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22 September 2020

What effect does going back to school have on the spread of COVID-19 coronavirus infections?

The possible answers to that question have greatly concerned many parents and policymakers around the world. To find out the possible effect, we've turned to data from the state of Arizona where a combination of demographic data from the state's Department of Health Services and its three major public universities provides a window into seeing what that effect might be.

Arizona's universities started their Fall 2020 sessions by delivering course content online in August, but began providing either hybrid or traditional classroom instruction at their campuses in late-August or early September. Since we're mainly interested in how returning to the classroom might affect the spread of COVID-19 among the student age population, we looked at the total number of positive coronavirus tests reported for the Age 0 to 44 population across the state and just by Arizona State University (ASU), the University of Arizona (UA), and Northern Arizona University (NAU) at two points in time: 3 September 2020 and 18 September 2020.

We've presented the results of that exercise in the following chart showing the change in the number of coronavirus cases in the between these two points in time, where we find a mixed picture. Please click here to access a full-size version of the chart. [Update 26 September 2020: We identified an error in our original presentation that undercounted the number of cases in the Age 0-19 portion of the population. The original chart we presented is here, the following chart has been corrected. corrections in our analysis below are indicated with boldface font.]

Corrected - Back to School In Arizona: Change in Number of Reported COVID-19 Positive Test Results for Age 0-44 Age Group Between 3 September 2020 and 18 September 2020

Between 3 September 2020 and 18 September 2020, the total number of positive test results reported by Arizona's Department of Health Services increased by 6,568. Of this figure, 37% of the reported increase in cases originated at Arizona's three major public universities. The other 63% represents the total increase in cases reported in the state for its entire Age 0 to 44 population.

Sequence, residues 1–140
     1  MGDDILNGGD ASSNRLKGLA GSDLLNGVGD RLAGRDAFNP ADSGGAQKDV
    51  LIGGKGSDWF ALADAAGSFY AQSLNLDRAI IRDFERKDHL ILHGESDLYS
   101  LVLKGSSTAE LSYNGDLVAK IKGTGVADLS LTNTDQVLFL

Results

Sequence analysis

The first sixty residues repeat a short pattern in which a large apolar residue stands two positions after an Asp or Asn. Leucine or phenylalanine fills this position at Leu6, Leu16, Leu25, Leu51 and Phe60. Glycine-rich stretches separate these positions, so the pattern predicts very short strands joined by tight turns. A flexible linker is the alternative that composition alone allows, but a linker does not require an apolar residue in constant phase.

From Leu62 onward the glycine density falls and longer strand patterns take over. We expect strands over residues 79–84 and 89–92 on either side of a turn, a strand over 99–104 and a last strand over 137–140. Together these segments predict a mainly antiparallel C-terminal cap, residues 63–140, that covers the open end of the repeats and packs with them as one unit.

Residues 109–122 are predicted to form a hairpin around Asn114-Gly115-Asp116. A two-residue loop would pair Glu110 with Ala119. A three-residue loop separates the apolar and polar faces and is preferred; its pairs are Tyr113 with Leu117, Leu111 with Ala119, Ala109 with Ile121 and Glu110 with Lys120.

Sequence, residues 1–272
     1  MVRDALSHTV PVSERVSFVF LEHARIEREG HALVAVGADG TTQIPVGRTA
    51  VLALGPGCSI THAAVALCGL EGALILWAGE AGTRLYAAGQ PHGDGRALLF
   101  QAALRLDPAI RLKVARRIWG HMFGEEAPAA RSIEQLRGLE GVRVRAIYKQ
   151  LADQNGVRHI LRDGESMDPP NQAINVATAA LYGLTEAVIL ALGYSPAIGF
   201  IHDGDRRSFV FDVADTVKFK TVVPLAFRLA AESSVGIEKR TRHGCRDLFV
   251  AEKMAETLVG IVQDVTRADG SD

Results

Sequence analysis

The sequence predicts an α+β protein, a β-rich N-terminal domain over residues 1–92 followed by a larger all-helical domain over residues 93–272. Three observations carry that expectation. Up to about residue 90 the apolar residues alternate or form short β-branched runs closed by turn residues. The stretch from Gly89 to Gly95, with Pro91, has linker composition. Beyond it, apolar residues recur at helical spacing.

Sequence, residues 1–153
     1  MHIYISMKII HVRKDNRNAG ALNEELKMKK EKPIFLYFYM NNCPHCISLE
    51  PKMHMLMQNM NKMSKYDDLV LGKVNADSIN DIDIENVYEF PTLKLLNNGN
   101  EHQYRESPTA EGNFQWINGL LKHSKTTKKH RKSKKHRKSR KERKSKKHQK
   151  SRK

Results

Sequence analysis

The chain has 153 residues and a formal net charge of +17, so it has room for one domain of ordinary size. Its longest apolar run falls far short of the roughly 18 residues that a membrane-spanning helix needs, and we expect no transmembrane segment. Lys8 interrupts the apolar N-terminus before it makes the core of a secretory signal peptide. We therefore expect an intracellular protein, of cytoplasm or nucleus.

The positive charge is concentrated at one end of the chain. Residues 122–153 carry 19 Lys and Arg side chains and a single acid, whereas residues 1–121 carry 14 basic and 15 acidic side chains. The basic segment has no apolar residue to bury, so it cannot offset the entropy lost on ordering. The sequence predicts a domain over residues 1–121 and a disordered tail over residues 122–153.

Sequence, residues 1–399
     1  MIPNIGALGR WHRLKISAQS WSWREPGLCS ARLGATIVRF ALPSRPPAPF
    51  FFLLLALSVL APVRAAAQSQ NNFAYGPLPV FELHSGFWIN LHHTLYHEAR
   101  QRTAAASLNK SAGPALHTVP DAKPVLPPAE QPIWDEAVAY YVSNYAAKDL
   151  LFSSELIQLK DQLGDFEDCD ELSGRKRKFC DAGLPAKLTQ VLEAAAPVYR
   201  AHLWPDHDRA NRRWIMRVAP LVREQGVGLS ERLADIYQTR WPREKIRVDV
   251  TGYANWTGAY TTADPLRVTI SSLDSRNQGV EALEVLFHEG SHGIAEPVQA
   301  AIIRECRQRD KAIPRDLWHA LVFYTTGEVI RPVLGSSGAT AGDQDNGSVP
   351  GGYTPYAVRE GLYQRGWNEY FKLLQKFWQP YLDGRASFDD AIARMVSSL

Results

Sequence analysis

Here is the breakdown for the three public universities:

  • Arizona State University: 627 cases (10%)
  • Univerisity of Arizona: 1,554 cases (24%)
  • Northern Arizona University: 273 cases (4%)

The University of Arizona's high case count stands out because it is utilizing rapid antigen tests, which differ from the established COVID-19 tests performed at the other universities and at testing sites across the state. After long excluding results from these tests in its daily reported case counts, Arizona's DHS began including results from antigen tests in its statewide tallies on 17 September 2020. UA's antigen test results have had issues with false positives.

The reported data is limited because it is silent about where an individual with a positive COVID-19 test result may have been exposed to the SARS-CoV-2 coronavirus. For example, a student's exposure to the viral infection may have taken place in a classroom, a campus facility, a dorm, or even off campus. We should also note that the positive COVID-19 results for university students, faculty and staff members may also include individuals older than Age 44.

That's why breaking out data for a university's faculty and staff may be valuable, since the incidence of cases would come primarily through contact in classroom and on-campus facilities. Here, data from ASU indicates that students account for 99% of the reported cases, while faculty and staff account for just 1% of the new cases reported in our period of interest. Data going back to 1 August 2020 indicates 2% of all ASU's reported cases have been among faculty and staff members.